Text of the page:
D. J. Bernstein
Internet publication

Notes on nslookup

Do not use the ancient nslookup program. Whatever you're trying to do, there's a better way to do it. Even the BIND company, which maintains and distributes nslookup, says ``nslookup is deprecated and may be removed from future releases.''

The rest of this page discusses a specific problem with nslookup: namely, the *** Default servers are not available error message.

An example of the problem

Suppose you type
     nslookup -type=soa com m.gtld-servers.net
thinking that this will give you the .com SOA records from the m.gtld-servers.net server.

nslookup says

     *** Can't find server name for address No information
     *** Default servers are not available
instead of showing you the SOA records.

You might think that the server doesn't have the SOA records, or that the server software has some bug. In fact, the server has the SOA records, and is behaving properly. You've encountered an nslookup bug.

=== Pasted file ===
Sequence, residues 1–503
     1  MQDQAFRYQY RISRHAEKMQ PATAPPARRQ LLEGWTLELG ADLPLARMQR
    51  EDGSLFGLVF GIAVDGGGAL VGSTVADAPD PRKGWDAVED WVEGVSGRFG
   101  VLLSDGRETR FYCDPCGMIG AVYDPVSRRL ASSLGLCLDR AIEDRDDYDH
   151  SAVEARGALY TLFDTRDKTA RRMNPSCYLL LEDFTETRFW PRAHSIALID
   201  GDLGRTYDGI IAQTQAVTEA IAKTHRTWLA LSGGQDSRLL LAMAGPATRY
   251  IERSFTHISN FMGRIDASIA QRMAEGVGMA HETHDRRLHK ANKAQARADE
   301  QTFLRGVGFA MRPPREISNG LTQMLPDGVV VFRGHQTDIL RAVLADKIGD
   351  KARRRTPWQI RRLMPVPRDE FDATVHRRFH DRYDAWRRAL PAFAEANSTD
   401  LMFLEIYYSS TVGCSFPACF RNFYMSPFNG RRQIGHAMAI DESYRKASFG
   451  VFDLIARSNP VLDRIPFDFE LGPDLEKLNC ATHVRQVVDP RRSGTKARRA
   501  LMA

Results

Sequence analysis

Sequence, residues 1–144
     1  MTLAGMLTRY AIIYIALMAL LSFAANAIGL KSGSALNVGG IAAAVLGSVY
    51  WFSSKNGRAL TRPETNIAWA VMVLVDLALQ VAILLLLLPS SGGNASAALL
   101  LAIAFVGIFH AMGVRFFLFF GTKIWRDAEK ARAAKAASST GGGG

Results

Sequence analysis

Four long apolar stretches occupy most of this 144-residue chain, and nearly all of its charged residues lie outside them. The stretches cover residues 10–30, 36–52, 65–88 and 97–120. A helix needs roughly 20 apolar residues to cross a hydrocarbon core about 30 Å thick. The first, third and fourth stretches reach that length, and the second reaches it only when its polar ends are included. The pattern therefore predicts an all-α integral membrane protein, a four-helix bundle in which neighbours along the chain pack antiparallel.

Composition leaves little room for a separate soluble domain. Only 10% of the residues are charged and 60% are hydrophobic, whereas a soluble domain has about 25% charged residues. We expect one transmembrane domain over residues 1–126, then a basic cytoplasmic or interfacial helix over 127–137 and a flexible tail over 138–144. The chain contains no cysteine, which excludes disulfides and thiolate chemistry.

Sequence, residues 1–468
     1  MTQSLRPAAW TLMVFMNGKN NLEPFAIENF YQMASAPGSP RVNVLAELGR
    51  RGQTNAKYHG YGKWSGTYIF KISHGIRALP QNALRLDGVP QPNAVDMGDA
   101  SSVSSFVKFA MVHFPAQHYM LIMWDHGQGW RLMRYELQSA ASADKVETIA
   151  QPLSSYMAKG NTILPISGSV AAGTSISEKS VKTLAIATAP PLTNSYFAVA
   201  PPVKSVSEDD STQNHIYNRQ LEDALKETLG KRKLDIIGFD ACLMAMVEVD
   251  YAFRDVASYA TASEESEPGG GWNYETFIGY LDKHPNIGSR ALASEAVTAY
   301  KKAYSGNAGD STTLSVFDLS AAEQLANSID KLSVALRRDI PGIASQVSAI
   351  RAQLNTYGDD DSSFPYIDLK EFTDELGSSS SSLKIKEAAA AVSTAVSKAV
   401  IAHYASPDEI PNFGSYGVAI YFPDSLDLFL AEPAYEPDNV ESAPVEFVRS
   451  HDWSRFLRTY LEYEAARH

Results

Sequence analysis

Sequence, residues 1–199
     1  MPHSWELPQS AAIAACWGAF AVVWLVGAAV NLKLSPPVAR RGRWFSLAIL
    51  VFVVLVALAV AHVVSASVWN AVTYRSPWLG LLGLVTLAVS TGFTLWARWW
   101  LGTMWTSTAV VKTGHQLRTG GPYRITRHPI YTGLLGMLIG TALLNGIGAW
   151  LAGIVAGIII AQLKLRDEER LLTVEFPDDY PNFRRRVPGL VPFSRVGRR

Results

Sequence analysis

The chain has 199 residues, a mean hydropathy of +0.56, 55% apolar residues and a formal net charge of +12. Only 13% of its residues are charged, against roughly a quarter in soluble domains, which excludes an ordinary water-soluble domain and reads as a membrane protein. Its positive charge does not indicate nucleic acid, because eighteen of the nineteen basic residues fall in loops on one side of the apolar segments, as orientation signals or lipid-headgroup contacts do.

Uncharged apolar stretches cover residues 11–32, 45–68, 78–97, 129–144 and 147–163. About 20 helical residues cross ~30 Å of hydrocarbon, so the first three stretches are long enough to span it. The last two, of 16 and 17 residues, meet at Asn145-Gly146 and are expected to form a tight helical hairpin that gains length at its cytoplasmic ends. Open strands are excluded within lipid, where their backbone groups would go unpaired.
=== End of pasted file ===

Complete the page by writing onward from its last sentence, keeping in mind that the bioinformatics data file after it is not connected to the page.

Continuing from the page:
Easy workaround: Don't tell nslookup which server to use. It will use your local DNS cache, as specified in /etc/resolv.conf; your DNS cache will contact the appropriate DNS server. For example, to look up SOA records for the com domain:

     nslookup -type=soa com

Even better, use dnsqr instead of nslookup:

     dnsqr soa com

If you want to query a specific DNS server, use dnsq:

     dnsq soa com m.gtld-servers.net

If you want to query a specific DNS server, and you really want to use nslookup for some reason, do not specify the server on the nslookup command line. Use the server command instead:

     server m.gtld-servers.net
     set type=soa

When the problem occurs

In short, nslookup does not work correctly if you specify a non-recursive server on the command line.

BIND servers are recursive by default, so BIND administrators generally don't run into this problem unless they know that they should make their servers non-recursive. In contrast, tinydns is never recursive.

What exactly is nslookup doing wrong? Three things:

On the bright side, the silly PTR query was finally eliminated from nslookup in BIND 9.1.

If you're running tinydns, and you really want to pander to nslookup's bugs (even though the .com servers don't), add

to data, and make sure that appears in an = line. Replace with your IP address.